The price is, of course, an important factor in any camera decision. The manufacturer’s suggested retail prices give an idea on the placement of the camera in the maker’s lineup and the broader market. The E-500 was launched at a markedly lower price (by 54 percent) than the 40D, which puts it into a different market segment. Usually, retail prices stay at first close to the launch price, but after several months, discounts become available. Later in the product cycle and, in particular, when the replacement model is about to appear, further discounting and stock clearance sales often push the camera price considerably down. Then, after the new model is out, very good deals can frequently be found on the pre-owned market.

Sensor comparison

The imaging sensor is at the core of digital cameras and its size is one of the main determining factors of image quality. All other things equal, a large sensor will have larger individual pixel-units that offer better low-light sensitivity, wider dynamic range, and richer color-depth than smaller pixels in a sensor of the same technological generation. Furthermore, a large sensor camera will give the photographer more possibilities to use shallow depth-of-field in order to isolate a subject from the background. On the downside, larger sensors tend to be associated with larger, more expensive camera bodies and lenses.

Of the two cameras under consideration, the Canon 40D features an APS-C sensor and the Olympus E-500 a Four Thirds sensor. The sensor area in the E-500 is 32 percent smaller. As a result of these sensor size differences, the cameras have a format factor of, respectively, 1.6 and 2.0. The sensor in the 40D has a native 3:2 aspect ratio, while the one in the E-500 offers a 4:3 aspect.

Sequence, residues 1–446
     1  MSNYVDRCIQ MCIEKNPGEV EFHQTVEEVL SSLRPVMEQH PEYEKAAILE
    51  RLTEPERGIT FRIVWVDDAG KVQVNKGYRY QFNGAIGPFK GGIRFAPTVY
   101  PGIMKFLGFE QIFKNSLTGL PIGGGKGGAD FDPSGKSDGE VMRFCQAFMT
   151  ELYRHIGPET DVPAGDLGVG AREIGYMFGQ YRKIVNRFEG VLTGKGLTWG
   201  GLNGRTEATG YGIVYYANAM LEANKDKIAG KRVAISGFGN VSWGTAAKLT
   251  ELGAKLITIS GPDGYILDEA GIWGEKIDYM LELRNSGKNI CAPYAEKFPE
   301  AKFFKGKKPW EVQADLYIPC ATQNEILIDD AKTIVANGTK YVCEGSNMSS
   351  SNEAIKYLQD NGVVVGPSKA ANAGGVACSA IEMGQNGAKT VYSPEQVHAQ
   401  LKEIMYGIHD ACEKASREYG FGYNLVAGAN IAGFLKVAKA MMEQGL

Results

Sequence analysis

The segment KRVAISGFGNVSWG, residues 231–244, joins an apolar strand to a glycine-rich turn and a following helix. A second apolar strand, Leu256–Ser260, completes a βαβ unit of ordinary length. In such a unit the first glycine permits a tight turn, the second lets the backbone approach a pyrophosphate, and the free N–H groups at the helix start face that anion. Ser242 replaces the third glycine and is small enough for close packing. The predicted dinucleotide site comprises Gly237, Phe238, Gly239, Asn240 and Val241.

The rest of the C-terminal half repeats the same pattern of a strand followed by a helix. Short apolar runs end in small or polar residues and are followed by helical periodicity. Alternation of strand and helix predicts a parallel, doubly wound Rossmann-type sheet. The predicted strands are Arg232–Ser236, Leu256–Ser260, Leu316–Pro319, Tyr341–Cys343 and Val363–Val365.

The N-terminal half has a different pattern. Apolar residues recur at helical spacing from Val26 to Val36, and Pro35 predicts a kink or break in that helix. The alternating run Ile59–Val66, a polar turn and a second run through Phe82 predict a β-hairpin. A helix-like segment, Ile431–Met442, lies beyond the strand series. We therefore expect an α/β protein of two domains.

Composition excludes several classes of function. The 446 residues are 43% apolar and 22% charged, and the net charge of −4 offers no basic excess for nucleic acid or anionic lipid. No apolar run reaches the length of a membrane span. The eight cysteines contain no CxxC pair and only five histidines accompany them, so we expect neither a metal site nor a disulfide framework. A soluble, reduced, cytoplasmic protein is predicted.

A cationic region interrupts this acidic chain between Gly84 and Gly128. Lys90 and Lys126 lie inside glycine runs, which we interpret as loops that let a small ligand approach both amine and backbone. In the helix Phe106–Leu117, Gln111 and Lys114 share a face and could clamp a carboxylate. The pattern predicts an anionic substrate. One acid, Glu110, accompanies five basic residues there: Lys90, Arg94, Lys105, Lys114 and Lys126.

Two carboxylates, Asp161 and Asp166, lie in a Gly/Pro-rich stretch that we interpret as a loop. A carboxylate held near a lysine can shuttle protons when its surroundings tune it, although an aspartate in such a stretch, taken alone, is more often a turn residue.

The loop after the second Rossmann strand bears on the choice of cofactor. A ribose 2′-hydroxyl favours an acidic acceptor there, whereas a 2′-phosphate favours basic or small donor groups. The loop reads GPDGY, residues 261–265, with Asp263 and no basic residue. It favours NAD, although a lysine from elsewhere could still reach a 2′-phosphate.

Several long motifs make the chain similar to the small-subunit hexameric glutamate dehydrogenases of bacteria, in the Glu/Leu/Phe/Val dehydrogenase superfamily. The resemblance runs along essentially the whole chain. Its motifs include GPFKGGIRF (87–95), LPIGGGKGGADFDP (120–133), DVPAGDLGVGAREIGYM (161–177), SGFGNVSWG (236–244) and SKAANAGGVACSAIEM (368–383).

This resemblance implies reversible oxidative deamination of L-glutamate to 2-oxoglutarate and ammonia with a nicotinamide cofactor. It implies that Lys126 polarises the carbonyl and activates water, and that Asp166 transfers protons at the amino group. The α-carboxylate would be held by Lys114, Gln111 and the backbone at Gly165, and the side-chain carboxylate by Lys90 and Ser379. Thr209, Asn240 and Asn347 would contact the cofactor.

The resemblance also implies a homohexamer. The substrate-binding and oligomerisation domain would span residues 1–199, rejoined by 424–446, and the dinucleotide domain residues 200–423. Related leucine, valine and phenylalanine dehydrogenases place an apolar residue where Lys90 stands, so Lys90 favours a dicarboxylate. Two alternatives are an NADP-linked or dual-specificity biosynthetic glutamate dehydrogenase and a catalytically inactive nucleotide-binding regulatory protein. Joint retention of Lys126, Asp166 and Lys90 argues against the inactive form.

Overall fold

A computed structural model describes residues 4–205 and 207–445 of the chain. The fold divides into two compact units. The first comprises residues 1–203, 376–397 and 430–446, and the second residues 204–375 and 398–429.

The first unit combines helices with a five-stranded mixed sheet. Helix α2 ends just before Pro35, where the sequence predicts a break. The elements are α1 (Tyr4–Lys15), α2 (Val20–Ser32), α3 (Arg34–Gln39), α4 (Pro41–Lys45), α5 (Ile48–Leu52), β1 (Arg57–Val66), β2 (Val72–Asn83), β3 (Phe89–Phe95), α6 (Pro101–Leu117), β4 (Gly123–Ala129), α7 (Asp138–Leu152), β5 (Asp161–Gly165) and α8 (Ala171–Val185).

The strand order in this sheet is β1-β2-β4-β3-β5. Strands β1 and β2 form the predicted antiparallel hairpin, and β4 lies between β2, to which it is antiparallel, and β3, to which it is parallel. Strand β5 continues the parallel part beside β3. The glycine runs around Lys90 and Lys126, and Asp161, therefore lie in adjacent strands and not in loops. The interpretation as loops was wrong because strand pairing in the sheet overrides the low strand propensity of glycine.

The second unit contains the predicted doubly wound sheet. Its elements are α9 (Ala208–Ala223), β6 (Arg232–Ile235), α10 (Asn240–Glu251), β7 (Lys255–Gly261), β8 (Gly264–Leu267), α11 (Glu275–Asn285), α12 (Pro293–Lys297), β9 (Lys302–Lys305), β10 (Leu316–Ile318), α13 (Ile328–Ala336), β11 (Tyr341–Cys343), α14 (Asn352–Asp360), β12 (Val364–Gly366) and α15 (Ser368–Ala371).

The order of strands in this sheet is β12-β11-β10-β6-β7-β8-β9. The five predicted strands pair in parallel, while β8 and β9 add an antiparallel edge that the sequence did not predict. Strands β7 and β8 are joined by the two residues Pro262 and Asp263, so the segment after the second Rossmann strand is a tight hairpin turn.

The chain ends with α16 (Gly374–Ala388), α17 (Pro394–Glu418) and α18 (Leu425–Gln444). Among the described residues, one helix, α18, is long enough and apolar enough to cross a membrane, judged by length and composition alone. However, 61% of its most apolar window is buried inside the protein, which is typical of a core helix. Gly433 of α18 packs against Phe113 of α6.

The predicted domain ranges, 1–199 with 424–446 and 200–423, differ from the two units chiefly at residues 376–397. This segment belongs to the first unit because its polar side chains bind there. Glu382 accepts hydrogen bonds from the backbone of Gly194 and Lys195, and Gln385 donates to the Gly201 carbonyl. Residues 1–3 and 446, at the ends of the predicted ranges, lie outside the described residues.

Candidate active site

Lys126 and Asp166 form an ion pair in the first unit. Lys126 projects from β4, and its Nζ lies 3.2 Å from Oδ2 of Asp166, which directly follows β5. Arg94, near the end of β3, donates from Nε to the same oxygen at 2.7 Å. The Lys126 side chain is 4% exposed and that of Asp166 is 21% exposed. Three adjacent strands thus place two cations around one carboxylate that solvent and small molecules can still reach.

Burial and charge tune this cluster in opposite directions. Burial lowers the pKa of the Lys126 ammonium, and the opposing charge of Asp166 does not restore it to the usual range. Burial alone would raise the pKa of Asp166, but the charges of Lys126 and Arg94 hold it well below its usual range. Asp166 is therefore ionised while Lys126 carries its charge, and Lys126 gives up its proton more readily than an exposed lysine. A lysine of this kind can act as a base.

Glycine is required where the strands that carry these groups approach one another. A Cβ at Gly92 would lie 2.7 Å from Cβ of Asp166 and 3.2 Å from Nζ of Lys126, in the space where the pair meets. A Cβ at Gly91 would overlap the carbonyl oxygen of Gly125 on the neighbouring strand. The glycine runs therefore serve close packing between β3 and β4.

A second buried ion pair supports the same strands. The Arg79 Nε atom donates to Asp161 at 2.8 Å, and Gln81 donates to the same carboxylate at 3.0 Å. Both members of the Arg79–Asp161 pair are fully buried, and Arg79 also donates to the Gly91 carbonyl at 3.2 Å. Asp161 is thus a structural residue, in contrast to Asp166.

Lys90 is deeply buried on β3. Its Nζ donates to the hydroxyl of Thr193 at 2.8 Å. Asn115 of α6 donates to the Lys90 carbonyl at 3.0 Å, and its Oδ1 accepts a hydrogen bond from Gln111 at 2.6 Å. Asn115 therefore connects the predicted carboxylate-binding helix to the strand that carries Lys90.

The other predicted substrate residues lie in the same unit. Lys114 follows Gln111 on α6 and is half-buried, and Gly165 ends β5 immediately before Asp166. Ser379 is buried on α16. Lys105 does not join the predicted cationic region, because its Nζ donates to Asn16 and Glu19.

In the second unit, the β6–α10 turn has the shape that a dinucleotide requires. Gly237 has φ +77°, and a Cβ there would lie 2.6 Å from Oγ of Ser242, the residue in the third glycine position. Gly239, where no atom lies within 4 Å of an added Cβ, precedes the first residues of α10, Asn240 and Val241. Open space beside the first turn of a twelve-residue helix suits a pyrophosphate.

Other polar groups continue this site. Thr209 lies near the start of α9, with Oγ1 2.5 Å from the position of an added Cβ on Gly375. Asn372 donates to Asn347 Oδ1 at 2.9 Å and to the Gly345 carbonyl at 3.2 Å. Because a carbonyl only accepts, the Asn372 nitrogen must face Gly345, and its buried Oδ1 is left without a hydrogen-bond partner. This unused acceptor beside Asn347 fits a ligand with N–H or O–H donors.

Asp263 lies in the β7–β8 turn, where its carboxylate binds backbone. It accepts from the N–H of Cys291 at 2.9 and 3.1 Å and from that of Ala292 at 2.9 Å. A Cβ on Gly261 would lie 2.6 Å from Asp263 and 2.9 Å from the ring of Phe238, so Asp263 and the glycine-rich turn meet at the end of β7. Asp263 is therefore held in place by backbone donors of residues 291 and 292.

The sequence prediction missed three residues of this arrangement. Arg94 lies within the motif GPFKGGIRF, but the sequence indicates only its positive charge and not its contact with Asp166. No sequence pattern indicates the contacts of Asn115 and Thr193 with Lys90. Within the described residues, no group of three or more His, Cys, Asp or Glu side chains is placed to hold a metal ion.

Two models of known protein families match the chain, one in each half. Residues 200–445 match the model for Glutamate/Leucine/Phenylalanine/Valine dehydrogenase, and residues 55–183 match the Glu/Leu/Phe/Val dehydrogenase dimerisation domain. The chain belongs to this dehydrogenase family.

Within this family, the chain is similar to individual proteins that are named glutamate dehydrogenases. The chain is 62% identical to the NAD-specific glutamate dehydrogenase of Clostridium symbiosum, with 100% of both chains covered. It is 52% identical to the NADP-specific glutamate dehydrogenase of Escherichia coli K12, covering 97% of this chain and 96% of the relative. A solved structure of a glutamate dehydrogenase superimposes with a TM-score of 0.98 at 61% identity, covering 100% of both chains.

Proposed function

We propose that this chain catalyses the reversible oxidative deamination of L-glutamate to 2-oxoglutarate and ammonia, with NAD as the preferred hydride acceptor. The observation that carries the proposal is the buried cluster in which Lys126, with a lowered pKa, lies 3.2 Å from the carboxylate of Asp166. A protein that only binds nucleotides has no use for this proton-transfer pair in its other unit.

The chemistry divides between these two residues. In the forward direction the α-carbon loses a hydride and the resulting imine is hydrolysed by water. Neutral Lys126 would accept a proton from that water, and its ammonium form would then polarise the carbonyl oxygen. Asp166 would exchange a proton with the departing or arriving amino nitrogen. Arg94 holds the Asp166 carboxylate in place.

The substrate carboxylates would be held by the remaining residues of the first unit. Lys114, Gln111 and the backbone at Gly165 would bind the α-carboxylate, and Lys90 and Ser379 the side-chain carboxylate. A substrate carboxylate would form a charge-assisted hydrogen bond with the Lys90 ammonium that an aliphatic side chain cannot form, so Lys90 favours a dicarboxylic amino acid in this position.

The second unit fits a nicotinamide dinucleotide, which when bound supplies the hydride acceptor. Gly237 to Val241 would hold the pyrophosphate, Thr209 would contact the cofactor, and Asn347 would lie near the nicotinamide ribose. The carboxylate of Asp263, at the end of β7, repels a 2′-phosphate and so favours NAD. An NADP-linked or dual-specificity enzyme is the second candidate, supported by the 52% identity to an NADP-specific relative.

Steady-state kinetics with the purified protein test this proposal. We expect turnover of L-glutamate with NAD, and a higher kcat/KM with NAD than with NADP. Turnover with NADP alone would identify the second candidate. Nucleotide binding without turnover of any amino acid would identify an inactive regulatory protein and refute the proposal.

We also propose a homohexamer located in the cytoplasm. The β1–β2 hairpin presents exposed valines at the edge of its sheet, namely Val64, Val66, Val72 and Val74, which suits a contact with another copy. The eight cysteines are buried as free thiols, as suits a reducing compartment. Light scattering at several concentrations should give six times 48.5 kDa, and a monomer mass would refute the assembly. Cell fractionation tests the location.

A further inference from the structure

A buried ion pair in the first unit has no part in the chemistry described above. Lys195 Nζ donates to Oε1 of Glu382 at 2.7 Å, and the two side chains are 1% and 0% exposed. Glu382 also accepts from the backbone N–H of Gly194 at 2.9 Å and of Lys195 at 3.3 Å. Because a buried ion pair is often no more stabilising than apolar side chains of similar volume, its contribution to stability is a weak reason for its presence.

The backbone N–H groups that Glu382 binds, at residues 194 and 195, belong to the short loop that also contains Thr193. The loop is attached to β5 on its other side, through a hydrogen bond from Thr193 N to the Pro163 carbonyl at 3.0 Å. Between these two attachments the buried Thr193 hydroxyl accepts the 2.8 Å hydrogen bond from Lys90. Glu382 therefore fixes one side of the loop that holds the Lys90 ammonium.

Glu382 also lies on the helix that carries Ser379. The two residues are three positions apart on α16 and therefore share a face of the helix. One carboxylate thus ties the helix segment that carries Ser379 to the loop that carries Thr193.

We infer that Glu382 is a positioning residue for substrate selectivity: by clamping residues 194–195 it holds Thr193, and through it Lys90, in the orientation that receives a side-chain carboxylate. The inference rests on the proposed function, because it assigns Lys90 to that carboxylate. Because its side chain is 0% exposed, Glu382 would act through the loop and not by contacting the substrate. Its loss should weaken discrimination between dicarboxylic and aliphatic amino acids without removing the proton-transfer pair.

Canon 40D and Olympus E-500 sensor measures

With 10.1MP, the 40D offers a higher resolution than the E-500 (8MP), but the 40D nevertheless has larger individual pixels (pixel pitch of 5.73μm versus 5.30μm for the E-500) due to its larger sensor. Moreover, the 40D is a somewhat more recent model (by 1 year and 10 months) than the E-500, and its sensor might have benefitted from technological advances during this time that further enhance the light gathering capacity of its pixels.

The resolution advantage of the Canon 40D implies greater flexibility for cropping images or the possibility to print larger pictures. The maximum print size of the 40D for good quality output (200 dots per inch) amounts to 19.4 x 13 inches or 49.4 x 32.9 cm, for very good quality (250 dpi) 15.6 x 10.4 inches or 39.5 x 26.3 cm, and for excellent quality (300 dpi) 13 x 8.6 inches or 32.9 x 21.9 cm. The corresponding values for the Olympus E-500 are 16.3 x 12.2 inches or 41.5 x 31.1 cm for good quality, 13.1 x 9.8 inches or 33.2 x 24.9 cm for very good quality, and 10.9 x 8.2 inches or 27.6 x 20.7 cm for excellent quality prints.

The Canon EOS 40D has a native sensitivity range from ISO 100 to ISO 1600, which can be extended to ISO 100-3200. The corresponding ISO settings for the Olympus Evolt E-500 are ISO 100 to ISO 400, with the possibility to increase the ISO range to 100-1600.

40D versus E-500 MP

For many cameras, data on sensor performance has been reported by DXO Mark. This service assesses and scores the color depth ("DXO Portrait"), dynamic range ("DXO Landscape"), and low-light sensitivity ("DXO Sports") of camera sensors, and also publishes an overall camera score. The table below summarizes the physical sensor characteristics and sensor quality findings and compares them across a set of similar cameras.

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Sensor Characteristics
    Camera
Model
Sensor
Class
Resolution
(MP)
Horiz.
Pixels
Vert.
Pixels
Video
Format
DXO
Portrait
DXO
Landscape
DXO
Sports
DXO
Overall
1.
 
Canon 40D APS-C 10.1 3888 2592none22.111.370364
2.
 
Olympus E-500 Four Thirds 8.0 3264 2448none20.710.34551
3.
 
Canon T3 APS-C 12.2 4272 2848720/30p21.911.075562
4.
 
Canon 60D APS-C 17.9 5184 34561080/30p22.211.581366
5.
 
Canon 50D APS-C 15.1 4752 3168none21.811.469663
6.
 
Canon XS APS-C 10.1 3888 2592none22.111.478364
7.
 
Canon XSi APS-C 12.2 4272 2848none21.910.869261
8.
 
Canon 30D APS-C 8.2 3504 2336none21.510.873659
9.
 
Canon XTi APS-C 10.1 3888 2592none22.111.066462
10.
 
Canon 20D APS-C 8.2 3504 2336none21.911.072162
11.
 
Canon 10D APS-C 6.3 3072 2048none21.110.957157
12.
 
Nikon D90 APS-C 12.2 4288 2848720/24p22.712.597773
13.
 
Olympus E-410 Four Thirds 10.0 3648 2736none21.110.049451